Feds look for fraud in $670-billion small business loan program
As part of the federal government’s efforts to keep the economy going during the COVID-19 pandemic, Congress created a $670 billion emergency loan program for small businesses called the Paycheck Protection Program. The DOJ is now announcing that it will scrutinize businesses that apply for and receive this aid, especially large businesses and those applying for more than $2 million in loans. The loans are being administered through the Small Business Administration.
The Los Angeles Lakers made news in outlets like CNN, Politico, and NPR when it sought and obtained one of these loans. Other large, public companies have come under public and government scrutiny for obtaining these loans.
While the Lakers have committed to returning the money, the government has reportedly noticed signs of fraud in its initial review of loans dispensed through the PPP. Specifically, prosecutors have seen “red flags” including companies making false statements on loan applications. such as overstating their payroll costs, the number of employees they have, or the nature of their business. Such misrepresentations could be charged as wire fraud, theft of government funds, and making false statements, among other charges. Since many of these loans are distributing the money through banks, there may be bank fraud charges involved.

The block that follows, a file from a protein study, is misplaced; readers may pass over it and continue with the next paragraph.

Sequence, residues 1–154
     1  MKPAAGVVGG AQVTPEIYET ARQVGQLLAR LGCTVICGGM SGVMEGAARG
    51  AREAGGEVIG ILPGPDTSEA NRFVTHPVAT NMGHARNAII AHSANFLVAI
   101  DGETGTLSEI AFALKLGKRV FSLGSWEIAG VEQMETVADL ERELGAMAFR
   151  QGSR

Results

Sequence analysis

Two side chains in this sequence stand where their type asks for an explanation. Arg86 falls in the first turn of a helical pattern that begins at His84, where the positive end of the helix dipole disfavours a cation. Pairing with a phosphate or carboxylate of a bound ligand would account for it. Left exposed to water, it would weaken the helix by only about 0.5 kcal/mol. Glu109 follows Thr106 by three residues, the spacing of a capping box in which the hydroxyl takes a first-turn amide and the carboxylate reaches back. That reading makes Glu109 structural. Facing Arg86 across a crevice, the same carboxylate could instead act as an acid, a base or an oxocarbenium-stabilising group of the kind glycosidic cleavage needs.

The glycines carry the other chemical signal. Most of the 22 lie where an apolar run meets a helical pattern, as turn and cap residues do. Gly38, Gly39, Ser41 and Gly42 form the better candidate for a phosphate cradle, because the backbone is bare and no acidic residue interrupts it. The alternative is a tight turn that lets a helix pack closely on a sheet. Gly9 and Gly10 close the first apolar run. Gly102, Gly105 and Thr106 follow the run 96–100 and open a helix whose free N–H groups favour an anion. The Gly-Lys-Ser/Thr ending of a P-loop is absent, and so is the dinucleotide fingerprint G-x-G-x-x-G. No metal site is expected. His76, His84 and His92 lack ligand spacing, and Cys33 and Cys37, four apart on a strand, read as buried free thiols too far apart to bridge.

No prosecutions or criminal investigations have been announced yet, but the feds have predicted that “fraudsters will come out of the woodwork” given what looks like a golden opportunity.
Click here to read an article from Bloomberg News on the federal government’s review of the PPP loans.